- W.H.Auden: The Critical Heritage edited by John Haffenden
Routledge, 535 pp, £19.95, September 1983, ISBN 0 7100 9350 0
- Auden: A Carnival of Intellect by Edward Callan
Oxford, 299 pp, £12.50, August 1983, ISBN 0 19 503168 7
- Drawn from the Life: A Memoir by Robert Medley
Faber, 251 pp, £12.50, November 1983, ISBN 0 571 13043 7
Auden’s reputation couldn’t have got off to a faster start. In January 1930 Eliot printed ‘Paid on Both Sides’ in the Criterion, and let it be known that he thought its author an especially promising poet. In September 1930 Auden’s Poems came out. ‘Dare I spot him as a winner?’ Naomi Mitchison asked in one of the earliest reviews. A few months later William Empson wrote at some length about ‘Paid on Both Sides’. He was impressed by Auden’s ability to make ‘psychoanalysis, surrealism, and all that’, all the irrationalist tendencies ‘which are so essential a part of the machinery of present-day thought’, take their place in ‘the normal and rational tragic form, and indeed what constitutes the tragic situation’. The play – Empson took it as that, not as the ‘charade’ Auden called it – had ‘the sort of completeness that makes a work seem to define the attitude of a generation’. This notion, that Auden was in straightforward possession of all the available forms of knowledge and lore and that he could speak to the issues they proposed, largely accounted for the reception of The Orators when it appeared in May 1932. By the end of that year, Louis MacNeice, Stephen Spender, Geoffrey Grigson, Michael Roberts, Bonamy Dobrée, John Hayward and Graham Greene had nominated Auden as the new voice. The six odes and the epilogue of The Orators, Greene said, justified Auden’s ‘being named in the same breath as Lawrence’.
But Greene had some misgivings. ‘The subject of the book,’ he said, ‘is political, though it is hard to tell whether the author’s sympathies are Communist or Fascist; they seem a little vaguely and sentimentally directed towards a “strong man”, a kind of super-prefect, for the book has a light smell of school changing-rooms, a touch of Stalky.’ The question of Auden’s relation to school changing-rooms – whether it was a valid incorporation of adolescent experience in a mature sense of life, or merely a deplorable fixation – remained in the margin of several early reviews. Everybody was ready to salute a new poet, a golden boy; The Waste Land was ten years back in literary history; conditions had changed enough in ten years to make the new decade want its voice. But The Dance of Death (1933) didn’t please many readers. I think it made some of Auden’s elders hang back – Yeats, Mrs Woolf, Orwell, and others.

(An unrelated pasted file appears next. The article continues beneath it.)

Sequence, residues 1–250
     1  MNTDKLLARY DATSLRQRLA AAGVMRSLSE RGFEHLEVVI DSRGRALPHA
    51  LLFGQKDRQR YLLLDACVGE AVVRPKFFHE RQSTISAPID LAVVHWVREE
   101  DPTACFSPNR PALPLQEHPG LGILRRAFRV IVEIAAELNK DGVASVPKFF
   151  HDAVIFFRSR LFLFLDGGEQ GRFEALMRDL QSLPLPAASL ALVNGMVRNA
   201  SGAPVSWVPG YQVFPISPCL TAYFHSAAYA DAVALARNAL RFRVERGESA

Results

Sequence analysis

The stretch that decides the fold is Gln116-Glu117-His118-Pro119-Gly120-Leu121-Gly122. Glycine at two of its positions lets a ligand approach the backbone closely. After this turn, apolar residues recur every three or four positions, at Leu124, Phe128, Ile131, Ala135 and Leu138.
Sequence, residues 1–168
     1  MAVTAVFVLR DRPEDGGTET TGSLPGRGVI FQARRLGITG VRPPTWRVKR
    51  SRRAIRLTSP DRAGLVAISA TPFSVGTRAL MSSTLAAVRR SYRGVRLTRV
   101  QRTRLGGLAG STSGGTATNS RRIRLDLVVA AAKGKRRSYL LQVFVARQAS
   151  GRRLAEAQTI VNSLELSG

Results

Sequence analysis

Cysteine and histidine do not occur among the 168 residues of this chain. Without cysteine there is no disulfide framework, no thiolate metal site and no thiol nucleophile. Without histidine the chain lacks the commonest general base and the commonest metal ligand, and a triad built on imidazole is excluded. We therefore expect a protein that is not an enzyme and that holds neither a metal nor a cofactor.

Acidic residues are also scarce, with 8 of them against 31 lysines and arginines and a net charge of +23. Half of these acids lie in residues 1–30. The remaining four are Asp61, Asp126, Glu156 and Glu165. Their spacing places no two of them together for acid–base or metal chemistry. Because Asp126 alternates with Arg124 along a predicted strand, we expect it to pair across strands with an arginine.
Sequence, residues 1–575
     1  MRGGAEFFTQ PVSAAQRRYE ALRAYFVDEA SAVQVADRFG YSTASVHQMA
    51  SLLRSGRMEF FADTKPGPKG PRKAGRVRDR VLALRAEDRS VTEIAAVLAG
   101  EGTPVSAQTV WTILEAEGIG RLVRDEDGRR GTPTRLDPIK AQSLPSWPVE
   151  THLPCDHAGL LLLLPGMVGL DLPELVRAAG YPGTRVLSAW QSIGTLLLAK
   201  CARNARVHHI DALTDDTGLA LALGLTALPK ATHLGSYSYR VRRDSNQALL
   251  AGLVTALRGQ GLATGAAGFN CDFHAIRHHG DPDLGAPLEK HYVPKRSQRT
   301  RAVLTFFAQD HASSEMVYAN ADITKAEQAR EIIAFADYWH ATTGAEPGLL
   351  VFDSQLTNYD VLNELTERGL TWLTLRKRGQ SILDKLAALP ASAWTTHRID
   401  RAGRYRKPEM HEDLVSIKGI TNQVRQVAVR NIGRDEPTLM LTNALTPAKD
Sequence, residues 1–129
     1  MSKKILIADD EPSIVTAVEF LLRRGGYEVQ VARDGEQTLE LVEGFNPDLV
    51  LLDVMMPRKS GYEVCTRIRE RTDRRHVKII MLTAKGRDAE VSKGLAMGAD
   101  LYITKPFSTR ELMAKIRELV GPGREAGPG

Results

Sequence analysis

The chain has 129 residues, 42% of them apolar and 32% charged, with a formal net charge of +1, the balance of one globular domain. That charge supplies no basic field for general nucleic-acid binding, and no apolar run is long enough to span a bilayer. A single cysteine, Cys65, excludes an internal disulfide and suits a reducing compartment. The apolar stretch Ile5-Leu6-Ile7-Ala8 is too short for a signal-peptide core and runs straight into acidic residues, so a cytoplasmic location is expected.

But it was F.R. Leavis who, nearly from the start, put forward the essential critical question. He wasn’t interested in Auden’s representative status or his claims to testify to a new sensibility. He described ‘Paid on Both Sides’ as a work which, ‘in its combination of seriousness and flippancy, presents in the form of a feud between two hostile parties the stultifying division in [Auden’s] own consciousness’. It expressed ‘an essential uncertainty of purpose and of self’, such that Auden’s ‘assured personal manner’ covered something very different. Taking up Empson’s account of the work, Leavis alluded to Empson’s own poems and their superiority, in mastery of their emotions, to Auden’s. ‘The difference,’ Leavis said, ‘might be described as that between working things out (Mr Empson’s way) and letting them work themselves out.’